Should Merkel embrace Macron's vision for Eurozone reform?

No — the chancellor must resist calls for fiscal union.
Hans-Werner Sinn

Financial Times Online, June 27th, 2018.

Angela Merkel has replied to Emmanuel Macron, writes Hans-Werner Sinn. The German and French leaders have found common ground on issues such as asylum policy, external border control, military interventions, terrorism, the digital economy, research, education and Africa. But

they disagree on the roles of redistribution and competition.

In his Sorbonne speech in September, President Macron warned of exposing Europeans to the forces of unbridled competition and advocated a treaty change to establish a fiscal union with international “financial transfers”, a eurozone finance minister and a eurozone budget. Ms Merkel,

on the other hand, recently emphasised the benefit of trade agreements and is reluctant to endorse a fiscal union.

But the German chancellor is under internal attack from the CSU, her coalition partner, over immigration and needs a political success. Under pressure, Ms Merkel has agreed to convert the European Stability Mechanism into a European Monetary Fund under intergovernmental control.

She advocates a European investment fund to help less competitive member states and is even endorsing Mr Macron’s demand for a eurozone budget.

Ms Merkel’s latest concessions have annoyed the CSU. This is because Germany went out of its way to provide financial assistance to member states in trouble and mitigate market-imposed austerity. It was pressed by France to co-finance voluminous fiscal rescue funds in 2010 and 2015, is the largest guarantor of the European Central Bank’s credit default insurance, known as the OMT, and provides by far the largest stock of “target” overdraft credit to other European countries, currently €956bn.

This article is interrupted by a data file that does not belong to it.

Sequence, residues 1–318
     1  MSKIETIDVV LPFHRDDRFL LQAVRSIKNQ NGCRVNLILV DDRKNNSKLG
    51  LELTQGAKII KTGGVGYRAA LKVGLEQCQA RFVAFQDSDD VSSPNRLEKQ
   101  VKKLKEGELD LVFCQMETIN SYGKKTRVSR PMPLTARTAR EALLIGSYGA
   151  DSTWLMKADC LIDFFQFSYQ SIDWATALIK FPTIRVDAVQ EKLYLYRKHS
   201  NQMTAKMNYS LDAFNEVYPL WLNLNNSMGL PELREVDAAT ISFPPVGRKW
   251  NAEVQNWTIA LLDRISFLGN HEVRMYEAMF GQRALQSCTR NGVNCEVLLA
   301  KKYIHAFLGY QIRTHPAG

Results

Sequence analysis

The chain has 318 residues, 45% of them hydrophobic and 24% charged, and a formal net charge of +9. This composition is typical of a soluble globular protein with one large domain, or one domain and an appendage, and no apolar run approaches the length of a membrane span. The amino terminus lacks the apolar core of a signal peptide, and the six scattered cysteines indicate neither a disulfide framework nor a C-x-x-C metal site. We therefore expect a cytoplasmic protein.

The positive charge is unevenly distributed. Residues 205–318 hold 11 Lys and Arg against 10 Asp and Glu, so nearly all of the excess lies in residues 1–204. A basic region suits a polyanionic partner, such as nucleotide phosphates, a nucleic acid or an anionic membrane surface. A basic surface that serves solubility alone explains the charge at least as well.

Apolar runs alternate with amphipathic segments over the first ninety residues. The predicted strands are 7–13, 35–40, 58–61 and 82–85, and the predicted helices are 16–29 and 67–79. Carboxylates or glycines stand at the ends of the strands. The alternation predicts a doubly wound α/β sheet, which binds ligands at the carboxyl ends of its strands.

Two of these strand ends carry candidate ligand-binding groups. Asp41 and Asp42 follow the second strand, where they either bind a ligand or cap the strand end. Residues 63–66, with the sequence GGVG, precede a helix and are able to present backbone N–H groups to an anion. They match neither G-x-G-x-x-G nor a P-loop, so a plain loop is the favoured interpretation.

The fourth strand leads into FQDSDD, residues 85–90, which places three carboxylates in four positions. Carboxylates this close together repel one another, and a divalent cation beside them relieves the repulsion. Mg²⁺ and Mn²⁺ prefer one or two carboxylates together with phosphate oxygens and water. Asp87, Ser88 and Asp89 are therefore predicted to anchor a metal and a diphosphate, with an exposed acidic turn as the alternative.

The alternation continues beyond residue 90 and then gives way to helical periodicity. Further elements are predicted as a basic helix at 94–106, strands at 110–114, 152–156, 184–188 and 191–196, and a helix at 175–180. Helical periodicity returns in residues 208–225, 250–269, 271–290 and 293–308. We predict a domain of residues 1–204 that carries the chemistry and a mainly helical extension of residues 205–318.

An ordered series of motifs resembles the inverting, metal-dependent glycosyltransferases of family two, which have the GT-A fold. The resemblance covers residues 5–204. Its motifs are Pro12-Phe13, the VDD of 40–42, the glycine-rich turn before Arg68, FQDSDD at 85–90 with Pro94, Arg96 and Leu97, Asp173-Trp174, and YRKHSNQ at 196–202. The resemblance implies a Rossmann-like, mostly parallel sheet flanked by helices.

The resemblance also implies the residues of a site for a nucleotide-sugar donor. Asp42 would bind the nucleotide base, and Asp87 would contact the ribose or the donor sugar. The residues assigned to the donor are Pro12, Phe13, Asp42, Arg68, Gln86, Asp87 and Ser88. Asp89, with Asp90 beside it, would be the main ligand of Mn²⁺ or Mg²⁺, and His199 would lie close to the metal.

Opposition to Mr Macron’s proposals is not only strong in the CSU, but also in the rest of Europe. There are fears that fresh money for struggling economies will undermine reform incentives and that the French president’s two-speed approach will divide Europe.

Mr Macron’s supporters argue that the eurozone needs an international insurance system to help absorb temporary exogenous shocks. But insurance is impossible when shocks result from bursting domestic bubbles and flawed policies. Moreover, temporary transfers are in danger of becoming permanent such as those that flow to southern Italy, the south of Spain and east Germany. They impede development through what economists call the “Dutch disease”, a reference to the difficulties encountered by the Netherlands in the 1960s and 1970s after a boom driven by natural gas sales.

Fortunately, Ms Merkel does not endorse a common deposit insurance scheme, which would enable the EU’s zombie banks to collect funds from all over Europe and invest them in dubious projects. That proposal rings alarm bells in Germany, whose Landesbanks turned into casinos

when German states protected depositors and lenders. The US had a similarly bad experience with its savings banks in the 1980s. Common deposit insurance mutualised the banks’ risks and enabled them to attract nearly unlimited funds for gambling activities. National and private versions of deposit insurance are better suited to limit moral hazard.

Europe is at a crossroads: either it will keep mutualising risks and liabilities and rely on government intervention or it will settle for the competitive equilibrium of a prosperous market economy.

If it chooses the first course, it risks repeating the mistakes of the US in its early decades. Two waves of debt mutualisation in the 1780s and 1813 caused excessive state borrowing because they artificially reduced interest spreads and blurred repayment responsibilities. The new debt triggered Keynesian booms, which turned into bubbles. Trouble resulted from the attempt to calm the markets by mutualising debt and sharing risks. It was only after this bitter experience that the US reverted to a system of self-liability, banning bailouts of over-indebted states.

Rather than reinventing the wheel, Europe would be well advised to learn from the US experience and return to a policy of hard budget constraints, concentrating its efforts on security, border control, defence and other kinds of public goods.

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